International

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T.J. Kirkpatrick/AP
An unidentified Congolese resident crosses a bridge over the Kibali River in Dungu, Congo,
Tuesday, Feb. 10, 2009.

Journalists, Activists Continue Push for Change in the Congo

February 09, 2010 12:17 PM
by Sarah Amandolare
U.N. efforts and funding have not stopped the violence, particularly against women, prompting calls for reevaluation of the current approach. 

Kristof and Mukwege Speak Out

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In a column for The New York Times, journalist Nicholas Kristof focuses on a young woman left mutilated by Hutu militia members. The story of Jeanne Mukuninwa, twice kidnapped and repeatedly raped, provides yet another horrific example of the ongoing violence in the Congo.

Dr. Denis Mukwege, who has treated Mukuninwa only to see her wounds reopened, tells Kristof “[t]here is no medical solution” to the Congo’s troubles. As Kristof explains, more humanitarian aid is not the answer, but rather “a much more vigorous international effort to end the war itself.” 

Organizations Creating Awareness and Change

Kristof’s relentless coverage of tragedy in the Congo is unmatched and often so disturbing that it’s difficult to read. His most recent piece is no different, and drew numerous reader comments, many of which are insightful and point to promising organizations.

The Enough Project
is working to prevent genocide and crimes against humanity by building “a permanent constituency” focused on these aims. The Enough Project takes a proactive, hands-on approach, conducting “intensive field research in countries plagued by genocide and crimes against humanity.” The results—practical policies and tools to empower citizens—could create change in several African nations, including the Congo and Sudan.

RAISE Hope for Congo campaign is part of the Enough Project. It “aims to build a permanent and diverse constituency of activists who will advocate for the protection and empowerment of Congolese women and girls.” The campaign is centered on “the 4 Ps: Peace, Protection, Punishment, and Prevention.”

Evan Vetter is a filmmaker from Wilmington, N.C., who started Congocast. The site features multiple podcasts that tell stories from the Congo, focusing on the work being done by two women, Robin Tabbiner and Wendy Merritt, who moved to the dangerous country to work with and on behalf of Congolese women. Vetter conducted interviews with Dr. Mukwege in episodes seven and eight.

Students Getting Involved

Breaking the Silence works to raise awareness of strife in the Congo, and helps college communities come together to do the same. College students can register to become an organizer for Breaking the Silence, and then be linked with speakers, films and other programs to host on campus during Congo Week.

Opinion & Analysis: What works?

In a column for student newspaper The Dartmouth, Cameron Nutt discusses the U.N.’s controversial $1.4 billion peacekeeping mission in the Congo, MONUC. “[I]t is becoming increasingly clear that throwing money at this frustratingly complex situation is doing little but exacerbating the conflict,” Nutt writes.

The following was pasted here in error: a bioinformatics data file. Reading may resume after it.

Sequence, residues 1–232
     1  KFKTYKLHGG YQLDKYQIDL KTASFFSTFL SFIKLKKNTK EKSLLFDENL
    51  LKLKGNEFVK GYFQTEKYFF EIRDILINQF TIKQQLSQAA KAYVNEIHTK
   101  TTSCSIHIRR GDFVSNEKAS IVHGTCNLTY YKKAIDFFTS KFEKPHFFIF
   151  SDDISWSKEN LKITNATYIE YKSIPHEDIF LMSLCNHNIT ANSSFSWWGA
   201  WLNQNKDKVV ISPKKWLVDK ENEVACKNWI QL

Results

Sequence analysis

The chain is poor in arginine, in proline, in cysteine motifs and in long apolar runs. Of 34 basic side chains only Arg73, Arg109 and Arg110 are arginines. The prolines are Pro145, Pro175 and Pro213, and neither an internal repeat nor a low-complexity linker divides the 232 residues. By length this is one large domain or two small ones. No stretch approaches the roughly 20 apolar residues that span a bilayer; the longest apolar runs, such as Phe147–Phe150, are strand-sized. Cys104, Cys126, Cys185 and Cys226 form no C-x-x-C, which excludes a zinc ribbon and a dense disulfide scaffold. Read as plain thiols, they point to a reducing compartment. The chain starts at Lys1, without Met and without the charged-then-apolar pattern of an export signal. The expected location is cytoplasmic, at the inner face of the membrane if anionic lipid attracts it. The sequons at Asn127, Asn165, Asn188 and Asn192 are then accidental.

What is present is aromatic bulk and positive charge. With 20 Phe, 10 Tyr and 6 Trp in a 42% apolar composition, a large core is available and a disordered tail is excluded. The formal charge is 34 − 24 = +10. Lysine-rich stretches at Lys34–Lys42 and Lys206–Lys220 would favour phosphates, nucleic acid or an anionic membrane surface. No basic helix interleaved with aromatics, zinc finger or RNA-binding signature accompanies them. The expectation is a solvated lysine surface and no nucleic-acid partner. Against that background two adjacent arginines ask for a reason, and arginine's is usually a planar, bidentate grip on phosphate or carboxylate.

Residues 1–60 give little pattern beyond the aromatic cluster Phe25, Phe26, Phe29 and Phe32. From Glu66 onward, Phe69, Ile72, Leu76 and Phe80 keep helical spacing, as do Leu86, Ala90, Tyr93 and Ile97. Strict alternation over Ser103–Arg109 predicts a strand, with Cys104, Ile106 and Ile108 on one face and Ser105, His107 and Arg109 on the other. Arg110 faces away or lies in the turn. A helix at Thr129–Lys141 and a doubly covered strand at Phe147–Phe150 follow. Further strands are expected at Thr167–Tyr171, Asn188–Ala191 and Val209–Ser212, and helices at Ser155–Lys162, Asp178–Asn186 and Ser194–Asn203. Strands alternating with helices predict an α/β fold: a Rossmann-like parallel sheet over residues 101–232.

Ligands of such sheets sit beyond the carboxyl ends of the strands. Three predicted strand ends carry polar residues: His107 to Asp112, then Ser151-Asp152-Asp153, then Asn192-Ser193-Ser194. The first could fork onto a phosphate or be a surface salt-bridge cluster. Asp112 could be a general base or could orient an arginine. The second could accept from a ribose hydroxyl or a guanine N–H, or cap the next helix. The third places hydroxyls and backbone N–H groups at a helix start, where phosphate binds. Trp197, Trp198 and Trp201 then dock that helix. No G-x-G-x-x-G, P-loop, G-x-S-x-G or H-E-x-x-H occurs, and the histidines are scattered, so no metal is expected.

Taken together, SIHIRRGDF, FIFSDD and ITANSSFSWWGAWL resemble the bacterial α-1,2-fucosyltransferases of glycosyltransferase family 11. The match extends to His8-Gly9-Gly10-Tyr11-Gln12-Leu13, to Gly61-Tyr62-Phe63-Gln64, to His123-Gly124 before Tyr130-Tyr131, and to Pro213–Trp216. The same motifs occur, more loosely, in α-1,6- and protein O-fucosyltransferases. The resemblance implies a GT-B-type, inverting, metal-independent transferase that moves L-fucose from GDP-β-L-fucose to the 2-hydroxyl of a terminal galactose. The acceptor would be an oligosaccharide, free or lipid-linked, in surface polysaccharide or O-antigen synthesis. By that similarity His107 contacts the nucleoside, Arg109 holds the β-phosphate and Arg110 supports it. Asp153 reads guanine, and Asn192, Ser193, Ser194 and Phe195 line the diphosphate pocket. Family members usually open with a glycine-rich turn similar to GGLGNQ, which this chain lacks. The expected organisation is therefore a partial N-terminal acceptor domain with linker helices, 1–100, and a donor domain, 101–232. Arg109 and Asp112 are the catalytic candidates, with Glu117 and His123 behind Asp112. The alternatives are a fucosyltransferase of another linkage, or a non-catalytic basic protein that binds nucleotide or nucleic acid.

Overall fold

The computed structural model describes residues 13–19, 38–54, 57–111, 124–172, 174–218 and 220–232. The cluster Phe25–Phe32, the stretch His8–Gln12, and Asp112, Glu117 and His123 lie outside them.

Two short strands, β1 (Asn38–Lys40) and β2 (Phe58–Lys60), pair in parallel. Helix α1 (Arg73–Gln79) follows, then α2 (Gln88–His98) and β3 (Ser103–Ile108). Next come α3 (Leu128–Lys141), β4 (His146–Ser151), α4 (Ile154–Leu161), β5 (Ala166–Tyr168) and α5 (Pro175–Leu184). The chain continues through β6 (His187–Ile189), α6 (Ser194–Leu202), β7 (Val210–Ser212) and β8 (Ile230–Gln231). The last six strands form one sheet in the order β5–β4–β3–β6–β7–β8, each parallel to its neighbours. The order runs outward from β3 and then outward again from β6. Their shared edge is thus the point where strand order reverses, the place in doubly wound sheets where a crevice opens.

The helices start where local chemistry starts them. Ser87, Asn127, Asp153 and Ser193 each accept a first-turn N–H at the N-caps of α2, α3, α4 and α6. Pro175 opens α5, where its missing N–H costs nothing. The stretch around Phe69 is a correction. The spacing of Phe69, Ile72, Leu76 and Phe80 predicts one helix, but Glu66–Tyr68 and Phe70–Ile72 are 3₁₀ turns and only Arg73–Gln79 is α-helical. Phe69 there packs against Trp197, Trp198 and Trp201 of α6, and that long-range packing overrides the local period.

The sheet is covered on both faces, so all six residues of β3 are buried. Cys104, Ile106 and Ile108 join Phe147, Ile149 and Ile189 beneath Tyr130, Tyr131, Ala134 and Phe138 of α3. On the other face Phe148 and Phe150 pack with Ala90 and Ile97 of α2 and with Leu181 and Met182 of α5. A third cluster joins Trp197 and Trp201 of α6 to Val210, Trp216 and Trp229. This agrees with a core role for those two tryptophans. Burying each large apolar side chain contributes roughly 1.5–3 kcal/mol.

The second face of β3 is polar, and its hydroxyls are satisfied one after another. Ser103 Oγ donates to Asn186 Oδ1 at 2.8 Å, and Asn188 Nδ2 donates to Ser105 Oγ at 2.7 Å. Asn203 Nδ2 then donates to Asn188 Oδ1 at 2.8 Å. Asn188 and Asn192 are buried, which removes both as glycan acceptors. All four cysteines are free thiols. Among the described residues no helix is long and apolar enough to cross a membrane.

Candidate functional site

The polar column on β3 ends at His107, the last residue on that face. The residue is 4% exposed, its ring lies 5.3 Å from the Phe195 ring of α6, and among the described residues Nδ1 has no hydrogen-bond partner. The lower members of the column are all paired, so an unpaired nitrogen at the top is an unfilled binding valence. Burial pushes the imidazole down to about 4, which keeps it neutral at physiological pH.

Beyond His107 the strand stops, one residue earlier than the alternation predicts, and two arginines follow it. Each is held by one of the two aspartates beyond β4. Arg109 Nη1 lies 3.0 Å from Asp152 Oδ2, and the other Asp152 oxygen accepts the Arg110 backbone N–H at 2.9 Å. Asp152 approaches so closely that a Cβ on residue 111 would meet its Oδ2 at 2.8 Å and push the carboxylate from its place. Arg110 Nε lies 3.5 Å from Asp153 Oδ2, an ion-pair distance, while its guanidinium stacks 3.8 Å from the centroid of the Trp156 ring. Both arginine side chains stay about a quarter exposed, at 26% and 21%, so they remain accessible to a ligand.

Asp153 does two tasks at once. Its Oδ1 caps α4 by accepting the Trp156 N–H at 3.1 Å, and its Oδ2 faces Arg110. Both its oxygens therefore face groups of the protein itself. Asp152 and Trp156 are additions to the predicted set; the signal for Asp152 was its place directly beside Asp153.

He calls for a “reevaluation” of the mission, and concludes with steps that could create change and end violence in the Congo, including teaming with The Enough Project, and endorsing “legislation barring corporations from purchasing conflict minerals from Congo.” In addition, Nutt writes, the U.N. must enforce "[s]tricter arms embargoes,” and the International Criminal Court must continue pursuing “indictments against war criminals.”

Lastly, Nutt suggests “a reintegration program” for ex-rebels who didn’t have a hand in the genocide of 1994. He proposes looking at Partners in Health, which has been successful in Rwanda, as a model for the program.

Background: Crisis in the Congo and Criticism of UN Involvement

In December 2009, Human Rights Watch released a detailed report documenting the killing of 1,400-plus Congolese civilians between January and September 2009. The killings occurred “during two successive Congolese army operations against a Rwandan Hutu militia, the Democratic Forces for the Liberation of Rwanda (FDLR).”

According to Friends of the Congo blog, the Human Rights Watch report assesses “joint operations between the Congolese military and the United Nations forces,” and is “critical” of the partnership. The report also recommends “that the United Nations end its support of the military operations.” 

Key Players: Dr. Denis Mukwege

Dr. Denis Mukwege refuses to look away from the Congo’s unspeakable horrors. Mukwege works with rape victims, some of whom are under 10 years old, and most of whom have been rejected by their families and villages. He says that “important people,” including the president of the DRC and many reporters, have visited him between surgeries, seen the hospital and met with traumatized women. Still, nothing has stopped the vicious fighting.
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